When most people think of the Organization of Petroleum-Exporting Countries ("OPEC"), they think of a cartel that tries to keep oil prices artificially high so that its members can continue to reap huge profits. For a few years now, however, oil prices have been relatively low due to lackluster demand caused by the recession in the U.S. and abroad. Indeed, many Americans have likely noticed that the price at the pump has been well below its 2008 highs. Is OPEC concerned that prices have remained so low? Not necessarily. In fact, it views low gas prices as a good thing, for now.
OPEC is more concerned about long-term market share than they are about short-term price gains. Therefore with lower oil prices, what you're actually doing is raising the entry barrier for alternative fuels. I speak with OPEC regularly, and this is consistently their main concern is about the political shift of the sentiment in the U.S. especially towards alternative fuels. The cheaper you make OPEC oil, the harder you make it to bring alternative fuels to bring on. So no, I don't think OPEC is that concerned.
(The full video is below. He comes in around at 2:10 and begins talking OPEC at around 3:42.)
This makes a lot of sense when you think about it. Back in 2005, a WIRED magazine article ached for higher gas prices, because they meant a renaissance for alternative fuel sources. The article concludes:
So what's a price-shocked, carbon-afflicted highway jockey to do? Keep driving. In fact, drive more. The longer gas stays expensive, the higher the chance we'll see alternatives. Put that pedal to the metal. And smile when you see a big black $3 or $4 out in front at the gas pump. Those innovators need all the encouragement they can get. Shale oil, uranium, sunlight - there's enough energy out there for a dozen planets. Where we'll all park is another matter.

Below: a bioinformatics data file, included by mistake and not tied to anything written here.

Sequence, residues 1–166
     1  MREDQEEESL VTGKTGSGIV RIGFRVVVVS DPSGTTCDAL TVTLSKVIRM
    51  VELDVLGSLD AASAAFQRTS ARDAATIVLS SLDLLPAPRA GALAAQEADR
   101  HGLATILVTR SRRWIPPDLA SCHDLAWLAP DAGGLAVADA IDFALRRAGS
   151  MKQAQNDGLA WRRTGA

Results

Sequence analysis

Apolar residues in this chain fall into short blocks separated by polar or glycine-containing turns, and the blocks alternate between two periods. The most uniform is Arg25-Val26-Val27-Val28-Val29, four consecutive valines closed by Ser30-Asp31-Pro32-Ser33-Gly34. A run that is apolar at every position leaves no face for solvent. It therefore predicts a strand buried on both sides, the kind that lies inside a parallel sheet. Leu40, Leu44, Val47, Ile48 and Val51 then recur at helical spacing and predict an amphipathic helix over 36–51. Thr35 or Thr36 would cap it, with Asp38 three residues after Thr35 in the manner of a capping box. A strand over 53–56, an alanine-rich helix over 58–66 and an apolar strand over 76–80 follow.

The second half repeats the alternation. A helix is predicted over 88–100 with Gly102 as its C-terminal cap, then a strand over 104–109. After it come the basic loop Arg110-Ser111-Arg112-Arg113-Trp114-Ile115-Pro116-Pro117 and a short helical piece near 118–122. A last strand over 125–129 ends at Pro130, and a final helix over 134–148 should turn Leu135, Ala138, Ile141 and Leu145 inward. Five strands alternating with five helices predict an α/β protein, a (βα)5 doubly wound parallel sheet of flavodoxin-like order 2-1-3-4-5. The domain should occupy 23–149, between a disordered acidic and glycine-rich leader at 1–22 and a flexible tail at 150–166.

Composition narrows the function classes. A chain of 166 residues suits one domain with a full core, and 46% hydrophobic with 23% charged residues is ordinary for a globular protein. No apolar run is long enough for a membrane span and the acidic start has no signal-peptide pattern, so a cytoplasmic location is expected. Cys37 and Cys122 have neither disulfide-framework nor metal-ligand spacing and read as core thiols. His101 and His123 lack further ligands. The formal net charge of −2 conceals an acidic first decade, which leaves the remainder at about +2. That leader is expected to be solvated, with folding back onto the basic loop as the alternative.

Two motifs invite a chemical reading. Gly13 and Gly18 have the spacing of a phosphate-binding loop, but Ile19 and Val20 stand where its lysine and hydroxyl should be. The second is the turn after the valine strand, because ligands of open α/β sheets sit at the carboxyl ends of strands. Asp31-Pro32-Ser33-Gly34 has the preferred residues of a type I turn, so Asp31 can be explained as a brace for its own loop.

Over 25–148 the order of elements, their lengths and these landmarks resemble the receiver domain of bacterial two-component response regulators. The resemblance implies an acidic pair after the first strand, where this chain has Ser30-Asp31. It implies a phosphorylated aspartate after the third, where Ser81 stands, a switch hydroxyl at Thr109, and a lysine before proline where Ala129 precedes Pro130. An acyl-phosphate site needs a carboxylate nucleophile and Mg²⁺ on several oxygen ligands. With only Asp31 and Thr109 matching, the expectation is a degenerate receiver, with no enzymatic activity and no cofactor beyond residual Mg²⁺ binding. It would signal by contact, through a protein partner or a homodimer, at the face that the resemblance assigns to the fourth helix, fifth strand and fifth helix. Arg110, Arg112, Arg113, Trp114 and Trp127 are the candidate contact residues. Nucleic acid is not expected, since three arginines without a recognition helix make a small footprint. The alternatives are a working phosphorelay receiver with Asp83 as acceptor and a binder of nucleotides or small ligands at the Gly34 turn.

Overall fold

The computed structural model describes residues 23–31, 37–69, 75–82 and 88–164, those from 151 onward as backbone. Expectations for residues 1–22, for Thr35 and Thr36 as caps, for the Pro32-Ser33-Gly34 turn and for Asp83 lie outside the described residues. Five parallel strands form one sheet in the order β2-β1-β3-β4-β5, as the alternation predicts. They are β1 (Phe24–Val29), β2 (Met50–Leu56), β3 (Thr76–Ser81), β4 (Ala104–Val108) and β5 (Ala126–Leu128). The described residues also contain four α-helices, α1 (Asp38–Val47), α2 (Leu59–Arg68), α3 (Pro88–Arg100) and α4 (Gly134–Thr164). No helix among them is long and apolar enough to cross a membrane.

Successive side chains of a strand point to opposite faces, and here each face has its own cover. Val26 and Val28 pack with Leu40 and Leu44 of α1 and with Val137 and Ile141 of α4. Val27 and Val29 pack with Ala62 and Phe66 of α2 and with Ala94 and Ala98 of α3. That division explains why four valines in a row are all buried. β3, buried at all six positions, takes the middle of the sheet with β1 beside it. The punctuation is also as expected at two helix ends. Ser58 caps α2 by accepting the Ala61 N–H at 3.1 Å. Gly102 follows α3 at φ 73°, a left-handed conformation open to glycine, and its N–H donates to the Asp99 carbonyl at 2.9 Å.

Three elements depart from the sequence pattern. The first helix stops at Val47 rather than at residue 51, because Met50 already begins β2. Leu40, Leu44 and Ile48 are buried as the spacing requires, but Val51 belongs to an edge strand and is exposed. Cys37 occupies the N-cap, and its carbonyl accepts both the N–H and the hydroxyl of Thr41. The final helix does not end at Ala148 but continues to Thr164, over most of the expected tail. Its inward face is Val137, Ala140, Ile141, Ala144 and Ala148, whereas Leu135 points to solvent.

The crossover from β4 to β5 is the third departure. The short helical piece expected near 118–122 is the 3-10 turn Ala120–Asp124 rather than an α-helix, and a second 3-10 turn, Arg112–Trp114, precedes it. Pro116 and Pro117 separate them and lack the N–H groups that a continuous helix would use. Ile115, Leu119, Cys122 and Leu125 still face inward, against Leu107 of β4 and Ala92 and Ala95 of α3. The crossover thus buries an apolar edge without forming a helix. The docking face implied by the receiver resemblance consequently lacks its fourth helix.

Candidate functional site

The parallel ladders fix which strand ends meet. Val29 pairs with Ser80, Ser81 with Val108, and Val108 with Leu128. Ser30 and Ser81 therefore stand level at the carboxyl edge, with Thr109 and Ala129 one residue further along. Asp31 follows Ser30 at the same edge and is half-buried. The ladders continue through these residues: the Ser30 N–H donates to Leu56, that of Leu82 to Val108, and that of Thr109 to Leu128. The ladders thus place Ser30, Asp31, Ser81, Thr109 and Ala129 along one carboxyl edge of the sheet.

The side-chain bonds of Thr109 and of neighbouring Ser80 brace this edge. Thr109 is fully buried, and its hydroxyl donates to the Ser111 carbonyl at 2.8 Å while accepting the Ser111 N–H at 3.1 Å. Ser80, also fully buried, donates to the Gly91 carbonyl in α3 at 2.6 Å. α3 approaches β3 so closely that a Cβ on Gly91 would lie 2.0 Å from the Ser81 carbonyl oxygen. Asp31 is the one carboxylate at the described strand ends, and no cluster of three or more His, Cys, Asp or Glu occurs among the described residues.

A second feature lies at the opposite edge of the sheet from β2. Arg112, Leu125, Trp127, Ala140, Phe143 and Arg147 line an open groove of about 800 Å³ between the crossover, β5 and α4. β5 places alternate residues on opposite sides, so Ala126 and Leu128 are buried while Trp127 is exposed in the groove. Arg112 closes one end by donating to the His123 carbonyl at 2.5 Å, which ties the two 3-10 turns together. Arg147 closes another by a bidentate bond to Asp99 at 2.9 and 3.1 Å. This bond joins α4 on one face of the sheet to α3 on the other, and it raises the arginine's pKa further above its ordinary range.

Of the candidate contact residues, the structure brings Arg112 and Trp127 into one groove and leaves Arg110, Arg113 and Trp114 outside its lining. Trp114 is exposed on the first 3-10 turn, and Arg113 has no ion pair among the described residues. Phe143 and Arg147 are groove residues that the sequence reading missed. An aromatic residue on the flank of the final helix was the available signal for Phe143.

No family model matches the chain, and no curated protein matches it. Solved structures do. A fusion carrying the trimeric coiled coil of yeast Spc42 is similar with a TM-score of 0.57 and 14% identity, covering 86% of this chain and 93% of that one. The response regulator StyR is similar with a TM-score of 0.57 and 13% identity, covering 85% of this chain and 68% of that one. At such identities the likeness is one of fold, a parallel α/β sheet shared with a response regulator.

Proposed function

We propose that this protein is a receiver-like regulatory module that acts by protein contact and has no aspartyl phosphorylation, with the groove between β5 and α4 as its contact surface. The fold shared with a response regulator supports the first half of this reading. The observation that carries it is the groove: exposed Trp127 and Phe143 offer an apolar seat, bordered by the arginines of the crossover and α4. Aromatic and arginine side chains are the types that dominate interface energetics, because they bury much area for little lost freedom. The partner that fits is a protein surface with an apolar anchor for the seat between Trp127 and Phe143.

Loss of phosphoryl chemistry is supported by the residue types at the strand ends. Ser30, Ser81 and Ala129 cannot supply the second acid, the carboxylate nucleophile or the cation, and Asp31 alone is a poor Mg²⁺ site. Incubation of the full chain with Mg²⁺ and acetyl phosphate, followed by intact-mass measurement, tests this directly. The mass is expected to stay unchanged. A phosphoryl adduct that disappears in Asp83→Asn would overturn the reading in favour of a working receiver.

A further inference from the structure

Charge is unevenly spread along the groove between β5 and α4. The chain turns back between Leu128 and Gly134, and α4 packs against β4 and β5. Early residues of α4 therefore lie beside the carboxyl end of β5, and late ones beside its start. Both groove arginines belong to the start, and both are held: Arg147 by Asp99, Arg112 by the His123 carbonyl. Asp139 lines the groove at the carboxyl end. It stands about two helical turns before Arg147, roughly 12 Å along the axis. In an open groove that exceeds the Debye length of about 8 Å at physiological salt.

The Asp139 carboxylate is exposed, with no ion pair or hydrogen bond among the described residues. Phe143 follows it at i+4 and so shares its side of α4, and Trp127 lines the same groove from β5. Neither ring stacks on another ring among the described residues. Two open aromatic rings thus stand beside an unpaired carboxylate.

OPEC essentially has the same logic, but wants the opposite result: low oil prices will keep down new technologies that might reduce consumers' need for gasoline.
A few new vehicles will be hitting the market this year that rely on less gas, including the Chevy Volt Plug-In hybrid and the Nissan Leaf electric car. Right now, their price tags are pretty high -- even with the lofty government subsidy. A quick analysis shows that you would have to drive around a hundred thousand miles per year to begin justify the Volt's high $41,000 price tag -- as long as gas prices stay low. If they climb above $5 per gallon, however, its total cost (including gas) suddenly becomes more competitive with the Toyota Corolla.
OPEC doesn't want that to happen. Every hybrid, plug-in, and electric vehicle sold means fewer gallons of oil burnt. Over the past few years, political pressures have been propping up the emerging market for autos that use little gasoline. But if the gas price remains low for too long, consumers may not embrace the new technology, because it's just so expensive. As a result, in the short term, lower gas prices might make OPEC very better off, if they kill a revolution for electric cars, fuel cell technology, or other novel approaches to engines needing little or no gasoline. Automakers will only flirt with these new vehicles as long as it looks like the market can flourish.
Is this good or bad for consumers? Analyzing it from a strictly economic perspective, it may depend on the time horizon. On one hand, if OPEC allows the lower market price to prevail, then consumers will have an easier time paying for their gasoline and more money to spend on other things. On the other hand, if green energy technologies are set back due to those low prices, then the lack of alternatives could result in a serious economic shock if gas prices spike in the future due to the oil supply running low. So in the short term, this is probably good. But in the long term, it could be a problem.
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